What I would suggest is something along the lines of the following...

1 - Don't stress about your exact statement this moment.

2 - Write about things. Things that matter to you. It doesn't even need to be 300 words. Maybe it's just a paragraph or a few sentences.

3 - Extrapolate on things you write about in #2. See if they apply to why you want to go to law school and if they reveal your underlying characteristics and traits.

4 - When you have a concept you like, sit on it. Don't look at it for a few days. Before you look at it, rewrite it off the top of your head. You don't need to worry about specifics, but you may find new wording, better flow, etc. that you may prefer.

I really don't mean to be harsh. I just think that, with a 175, that you are capable of better and would do yourself a disservice with this sort of topic.

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Re: Personal Statement Submission

Postby Anonymous User » Sun Jul 10, 2016 2:09 am

34iplaw wrote:I am a bit tired and, at another time, can go through with a more detailed comb, but I think you are capable of a better statement. Your statement doesn't really offer much insight to you, and I just don't see it as a compelling representation of what literally *every* applicant has thought or weighed in their mind. Ultimately, I think you are doing a great disservice with this personal statement to what is an absolutely phenomenal LSAT score. I could try to be softer or more encouraging, but I really think you should not go forward with this statement. In the end, the redeeming part is your LSAT score...which they know...without looking at your statement.

What I would suggest is something along the lines of the following...

1 - Don't stress about your exact statement this moment.

2 - Write about things. Things that matter to you. It doesn't even need to be 300 words. Maybe it's just a paragraph or a few sentences.

3 - Extrapolate on things you write about in #2. See if they apply to why you want to go to law school and if they reveal your underlying characteristics and traits.

4 - When you have a concept you like, sit on it. Don't look at it for a few days. Before you look at it, rewrite it off the top of your head. You don't need to worry about specifics, but you may find new wording, better flow, etc. that you may prefer.

I really don't mean to be harsh. I just think that, with a 175, that you are capable of better and would do yourself a disservice with this sort of topic.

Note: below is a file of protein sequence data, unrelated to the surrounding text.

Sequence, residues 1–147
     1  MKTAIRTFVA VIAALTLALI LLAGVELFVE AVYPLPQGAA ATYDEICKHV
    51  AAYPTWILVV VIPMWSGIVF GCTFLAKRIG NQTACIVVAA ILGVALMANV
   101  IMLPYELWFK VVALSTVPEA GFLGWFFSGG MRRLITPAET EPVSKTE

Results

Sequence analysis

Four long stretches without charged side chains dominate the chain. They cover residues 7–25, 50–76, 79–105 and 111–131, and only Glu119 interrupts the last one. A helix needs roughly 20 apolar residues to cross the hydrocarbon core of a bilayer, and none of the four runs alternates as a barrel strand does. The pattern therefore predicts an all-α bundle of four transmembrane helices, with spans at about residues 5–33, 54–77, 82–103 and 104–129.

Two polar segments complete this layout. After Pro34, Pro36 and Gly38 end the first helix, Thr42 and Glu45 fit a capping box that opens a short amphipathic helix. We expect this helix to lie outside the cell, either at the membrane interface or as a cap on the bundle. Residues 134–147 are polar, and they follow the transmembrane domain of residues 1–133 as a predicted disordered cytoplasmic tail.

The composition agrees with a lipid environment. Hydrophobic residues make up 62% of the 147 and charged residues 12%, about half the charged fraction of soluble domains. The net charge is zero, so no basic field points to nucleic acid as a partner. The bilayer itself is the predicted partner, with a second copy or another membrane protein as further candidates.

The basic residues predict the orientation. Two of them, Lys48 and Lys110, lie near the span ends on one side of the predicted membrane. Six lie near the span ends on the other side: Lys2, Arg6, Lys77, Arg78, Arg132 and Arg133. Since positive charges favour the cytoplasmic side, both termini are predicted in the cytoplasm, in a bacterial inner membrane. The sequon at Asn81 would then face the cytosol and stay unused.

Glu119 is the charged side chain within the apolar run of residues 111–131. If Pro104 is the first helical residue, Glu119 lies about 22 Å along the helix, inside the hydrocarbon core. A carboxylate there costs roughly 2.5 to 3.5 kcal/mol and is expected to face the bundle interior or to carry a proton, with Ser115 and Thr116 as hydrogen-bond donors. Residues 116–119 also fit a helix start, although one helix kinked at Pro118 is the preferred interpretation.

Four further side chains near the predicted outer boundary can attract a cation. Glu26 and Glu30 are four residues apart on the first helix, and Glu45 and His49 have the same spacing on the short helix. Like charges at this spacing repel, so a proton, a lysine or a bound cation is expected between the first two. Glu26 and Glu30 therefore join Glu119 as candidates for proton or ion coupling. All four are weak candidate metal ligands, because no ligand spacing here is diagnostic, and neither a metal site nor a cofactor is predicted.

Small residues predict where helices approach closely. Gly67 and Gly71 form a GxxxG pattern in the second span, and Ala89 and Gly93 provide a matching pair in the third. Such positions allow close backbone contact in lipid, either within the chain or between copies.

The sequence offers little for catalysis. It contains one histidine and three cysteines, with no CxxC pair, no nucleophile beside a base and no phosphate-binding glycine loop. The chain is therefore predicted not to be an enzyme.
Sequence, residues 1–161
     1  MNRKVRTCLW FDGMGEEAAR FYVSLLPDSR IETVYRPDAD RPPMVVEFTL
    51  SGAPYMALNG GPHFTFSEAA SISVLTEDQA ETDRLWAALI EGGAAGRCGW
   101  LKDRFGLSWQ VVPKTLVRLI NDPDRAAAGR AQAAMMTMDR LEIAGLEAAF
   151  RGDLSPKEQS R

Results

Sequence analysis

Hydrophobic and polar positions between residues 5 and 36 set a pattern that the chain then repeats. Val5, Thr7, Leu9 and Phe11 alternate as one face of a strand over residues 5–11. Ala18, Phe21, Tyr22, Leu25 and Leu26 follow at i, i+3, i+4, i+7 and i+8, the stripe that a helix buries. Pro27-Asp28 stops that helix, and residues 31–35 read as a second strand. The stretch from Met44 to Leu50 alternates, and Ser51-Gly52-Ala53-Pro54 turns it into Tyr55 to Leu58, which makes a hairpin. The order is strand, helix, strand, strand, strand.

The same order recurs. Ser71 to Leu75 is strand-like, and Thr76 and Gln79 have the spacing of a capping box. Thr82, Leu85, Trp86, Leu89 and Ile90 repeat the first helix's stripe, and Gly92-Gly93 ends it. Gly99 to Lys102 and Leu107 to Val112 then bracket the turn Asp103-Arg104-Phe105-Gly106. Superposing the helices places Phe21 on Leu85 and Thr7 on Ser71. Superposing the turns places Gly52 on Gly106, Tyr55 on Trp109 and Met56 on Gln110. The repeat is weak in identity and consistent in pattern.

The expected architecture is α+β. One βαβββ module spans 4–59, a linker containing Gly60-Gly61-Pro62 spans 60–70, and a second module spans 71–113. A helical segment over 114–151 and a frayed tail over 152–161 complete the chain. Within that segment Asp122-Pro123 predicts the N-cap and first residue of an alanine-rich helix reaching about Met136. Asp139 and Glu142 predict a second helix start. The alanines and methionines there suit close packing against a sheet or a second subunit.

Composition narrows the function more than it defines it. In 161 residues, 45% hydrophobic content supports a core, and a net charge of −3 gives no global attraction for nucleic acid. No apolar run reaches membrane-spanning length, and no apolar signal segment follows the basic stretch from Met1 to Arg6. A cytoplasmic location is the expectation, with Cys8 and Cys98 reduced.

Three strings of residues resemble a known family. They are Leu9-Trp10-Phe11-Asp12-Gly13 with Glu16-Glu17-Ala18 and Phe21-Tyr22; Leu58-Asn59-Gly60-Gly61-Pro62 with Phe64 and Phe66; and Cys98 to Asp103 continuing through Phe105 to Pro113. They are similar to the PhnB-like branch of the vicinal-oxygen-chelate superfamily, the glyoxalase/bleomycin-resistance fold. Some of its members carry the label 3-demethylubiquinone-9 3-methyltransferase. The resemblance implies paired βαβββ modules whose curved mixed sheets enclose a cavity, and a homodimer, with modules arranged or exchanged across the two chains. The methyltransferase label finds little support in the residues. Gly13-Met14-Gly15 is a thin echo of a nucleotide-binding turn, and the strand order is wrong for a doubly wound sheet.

I really appreciate that feedback and I'm going to take your advice and go back to the drawing board.

galadriel3019

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Re: Personal Statement Submission

Postby galadriel3019 » Sun Jul 10, 2016 5:13 am

I see based on your reply above that you are going back to the drawing boards, I just wanted to leave a few over points that might help you

1) It seems a number of deans are tired of the "everyone said I'd make a great lawyer" set up. Beware of going down that path, even though you say you fought back against it

2) Don't just repeat your transcript. They will see you took hard classes but then changed direction.

3) I agree with above poster about sharing more about who YOU are. Admissions officers will know the legal market was rough for a few years. What makes YOU tick?

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34iplaw

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Re: Personal Statement Submission

Postby 34iplaw » Sun Jul 10, 2016 10:13 am

Anonymous User wrote:
34iplaw wrote:I am a bit tired and, at another time, can go through with a more detailed comb, but I think you are capable of a better statement. Your statement doesn't really offer much insight to you, and I just don't see it as a compelling representation of what literally *every* applicant has thought or weighed in their mind. Ultimately, I think you are doing a great disservice with this personal statement to what is an absolutely phenomenal LSAT score. I could try to be softer or more encouraging, but I really think you should not go forward with this statement. In the end, the redeeming part is your LSAT score...which they know...without looking at your statement.

What I would suggest is something along the lines of the following...

1 - Don't stress about your exact statement this moment.

2 - Write about things. Things that matter to you. It doesn't even need to be 300 words. Maybe it's just a paragraph or a few sentences.

3 - Extrapolate on things you write about in #2. See if they apply to why you want to go to law school and if they reveal your underlying characteristics and traits.

4 - When you have a concept you like, sit on it. Don't look at it for a few days. Before you look at it, rewrite it off the top of your head. You don't need to worry about specifics, but you may find new wording, better flow, etc. that you may prefer.

I really don't mean to be harsh. I just think that, with a 175, that you are capable of better and would do yourself a disservice with this sort of topic.


I really appreciate that feedback and I'm going to take your advice and go back to the drawing board.


Glad to hear. Feel free to PM me or post here and I'll take a look at whatever you do come up with. You're bound to have a good cycle.